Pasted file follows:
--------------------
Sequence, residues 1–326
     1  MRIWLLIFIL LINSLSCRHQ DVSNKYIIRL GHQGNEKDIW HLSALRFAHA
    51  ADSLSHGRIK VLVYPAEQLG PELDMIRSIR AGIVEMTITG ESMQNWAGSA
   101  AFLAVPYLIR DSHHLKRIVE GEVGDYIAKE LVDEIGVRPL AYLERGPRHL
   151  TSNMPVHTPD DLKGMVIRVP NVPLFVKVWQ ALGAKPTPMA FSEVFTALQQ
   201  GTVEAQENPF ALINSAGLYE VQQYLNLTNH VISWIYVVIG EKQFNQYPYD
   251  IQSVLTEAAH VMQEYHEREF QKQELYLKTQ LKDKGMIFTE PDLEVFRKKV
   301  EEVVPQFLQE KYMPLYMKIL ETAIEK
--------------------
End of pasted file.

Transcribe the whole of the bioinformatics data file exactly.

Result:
Sequence, residues 1–326
     1  MRIWLLIFIL LINSLSCRHQ DVSNKYIIRL GHQGNEKDIW HLSALRFAHA
    51  ADSLSHGRIK VLVYPAEQLG PELDMIRSIR AGIVEMTITG ESMQNWAGSA
   101  AFLAVPYLIR DSHHLKRIVE GEVGDYIAKE LVDEIGVRPL AYLERGPRHL
   151  TSNMPVHTPD DLKGMVIRVP NVPLFVKVWQ ALGAKPTPMA FSEVFTALQQ
   201  GTVEAQENPF ALINSAGLYE VQQYLNLTNH VISWIYVVIG EKQFNQYPYD
   251  IQSVLTEAAH VMQEYHEREF QKQELYLKTQ LKDKGMIFTE PDLEVFRKKV
   301  EEVVPQFLQE KYMPLYMKIL ETAIEK